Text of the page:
Ron Flohr has been using his diet to keep his heart healthy for about 20 years.
“My cholesterol was a little bit high, and I wanted to knock it down,” he said.
That means no fried foods, no red meat, minimal seasonings and cutting out grease.
Now, the Princeton-area man says he feels better because of the changes he has made.
“There really isn’t anything that I miss eating,” Flohr said. “You get used to it — it doesn’t take that long; it’s just willpower.”
Eating for heart health means consuming omega-3 fats, flax seed, fiber and avoiding sodium, according to Donna Rochnowski, registered dietitian at Hy-Vee in Peru.
“The front of the product is advertising,” Rochnowski said. “The back — where the nutrition facts are — is what matters.”
Sources of omega-3 fats are fish such as salmon, tuna, mackerel, sardines, trout, herring and halibut. Rochnowski said that for those who dislike fishy tastes and smells, she recommends fish oil gel capsules that are enteric-coated to prevent “fishy burps.”
Brittney Junker, registered dietitian at Illinois Valley Community Hospital, said plant-based omega-3 fats are preferred.
“That animal fat is really what affects our cholesterol level,” Junker said.
For vegetarian sources, flax seed and chia seed are recommended. Rochnowski said flax seed must be ground into powder because its protective casing will limit absorption into the body. Ground flax seed must be refrigerated, Rochnowski said, but chia seed does not need to be.
Fiber is found in plant-based foods like fruit, vegetables, whole grains, seeds and nuts, Junker said. She called fiber “a recycling service” that binds fats and cholesterol in the intestines to prevent them from being absorbed and recirculated back into the body.
Although some sodium is necessary, Rochnowski said the typical American diet contains far more than what is required. Therefore, she recommends limiting sodium intake.
Rochnowski said advertisers have steered away from labeling items “low-sodium” for fear of appearing to have less taste. Instead, she said, low-sodium items can be identified by phrases like “hint of salt.” Shoppers should look at the nutrition label for 140 grams or fewer of sodium per serving, she said.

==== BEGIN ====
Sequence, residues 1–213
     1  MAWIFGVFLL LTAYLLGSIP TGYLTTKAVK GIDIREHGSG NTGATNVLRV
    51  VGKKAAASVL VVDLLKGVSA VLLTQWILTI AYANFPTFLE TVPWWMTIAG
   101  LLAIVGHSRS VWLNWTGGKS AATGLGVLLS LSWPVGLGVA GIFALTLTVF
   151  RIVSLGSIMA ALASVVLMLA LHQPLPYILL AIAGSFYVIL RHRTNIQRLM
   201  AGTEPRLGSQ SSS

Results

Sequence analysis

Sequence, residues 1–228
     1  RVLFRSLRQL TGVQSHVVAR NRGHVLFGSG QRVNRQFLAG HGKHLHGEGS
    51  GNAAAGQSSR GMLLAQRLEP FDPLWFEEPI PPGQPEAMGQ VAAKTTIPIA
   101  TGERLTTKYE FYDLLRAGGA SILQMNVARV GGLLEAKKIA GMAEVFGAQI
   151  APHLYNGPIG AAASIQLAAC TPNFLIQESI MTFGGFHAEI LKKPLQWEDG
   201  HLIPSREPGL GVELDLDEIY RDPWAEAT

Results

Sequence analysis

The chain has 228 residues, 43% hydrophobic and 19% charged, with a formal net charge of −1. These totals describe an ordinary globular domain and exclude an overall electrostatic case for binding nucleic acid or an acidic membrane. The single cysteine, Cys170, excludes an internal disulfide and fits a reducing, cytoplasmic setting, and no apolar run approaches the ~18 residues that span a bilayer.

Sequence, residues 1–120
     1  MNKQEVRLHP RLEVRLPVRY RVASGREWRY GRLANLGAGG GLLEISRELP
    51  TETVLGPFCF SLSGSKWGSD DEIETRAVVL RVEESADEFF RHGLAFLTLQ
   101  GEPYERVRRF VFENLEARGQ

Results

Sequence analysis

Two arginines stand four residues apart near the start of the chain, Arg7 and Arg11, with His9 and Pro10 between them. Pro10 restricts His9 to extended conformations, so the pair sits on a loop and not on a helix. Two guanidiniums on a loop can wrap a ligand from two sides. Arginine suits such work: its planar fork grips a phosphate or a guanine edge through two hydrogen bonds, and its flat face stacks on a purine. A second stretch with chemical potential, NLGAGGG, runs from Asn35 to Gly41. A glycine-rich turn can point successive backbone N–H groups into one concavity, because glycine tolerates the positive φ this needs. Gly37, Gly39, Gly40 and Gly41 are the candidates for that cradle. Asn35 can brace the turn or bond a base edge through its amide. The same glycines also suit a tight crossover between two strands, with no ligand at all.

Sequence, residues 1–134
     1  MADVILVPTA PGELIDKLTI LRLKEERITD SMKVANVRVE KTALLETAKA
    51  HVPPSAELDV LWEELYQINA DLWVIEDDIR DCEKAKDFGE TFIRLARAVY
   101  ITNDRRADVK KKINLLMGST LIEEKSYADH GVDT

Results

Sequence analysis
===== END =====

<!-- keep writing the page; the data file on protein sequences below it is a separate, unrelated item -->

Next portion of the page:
Rochnowski also said to pay attention to grams and milligrams on the label and not the percent daily value, which is different for everyone.
“Sodium is a big one, too,” Junker said. “It makes us hold onto fluid, and that makes our heart work harder and makes it less efficient over time.”
Processed food items are the main culprits for high sodium intake.
“The more something is processed, the more sodium it is likely to have,” Junker said. “Seventy-five percent of the salt we consume is through processed food.”
Junker also said to avoid trans fats and sugary drinks.
For Flohr, exchanging steak for poultry and fish, frying for grilling or baking, and butter for olive oil is worth it.
“Eating healthy is not that hard to do,” he said.
(The following is from the American Heart Association website, www.heart.org.)
Pear and Cherry Crumble
Recipe courtesy David Hagedorn
Ingredients for the fruit
Juice of one lemon
5-6 fresh pears, the riper the better
1 cup dried cherries
Zest of one lemon
1/2 cup pear juice (may substitute apple juice)
2 tablespoons honey
1 teaspoon almond extract
1 teaspoon vanilla extract
1/4 teaspoon ground cardamom
1/2 teaspoon ground cinnamon
1 tablespoon flour
1 cup vanilla granola
3 tablespoons flour
1/2 cup brown sugar
1/4 cup sliced almonds
1/2 teaspoon ground cinnamon
1/4 teaspoon ground allspice
1/4 cup trans fat free margarine spread
Preheat the oven to 375°F. Lightly spray a 9-inch baking dish with cooking spray. Line a rimmed baking sheet with aluminum foil and set aside. Fill a large bowl halfway with cold water and the juice of one lemon. Cut the stems off the pears and peel them, placing each one in the acidulated water as you do so. Then, half, core and seed the pears and cut them into inch-thick lengthwise slices or chunks, returning each sliced pear to the lemon water until the job is completed. Drain the cut pears in a colander and return them to the mixing bowl. Add the cherries, lemon zest, pear or apple juice, honey, flavorings, spices, and one tablespoon of flour to the fruit and stir to mix everything well. Let the fruit macerate for 15 minutes; then place it in the prepared baking dish.
Make the topping. Place the granola, flour, brown sugar, almonds, and spices in a large mixing bowl and toss them together lightly. Add the margarine spread and use your hands to work the spread into the dry ingredients until blended but crumbly. Spread the topping over the pears. Place the dish on the foil-lined baking sheet and bake the crumble for 30-35 minutes, until the top is golden brown and the juices are bubbling and translucent. Serve warm.
More recipes in Wednesday's NewsTribune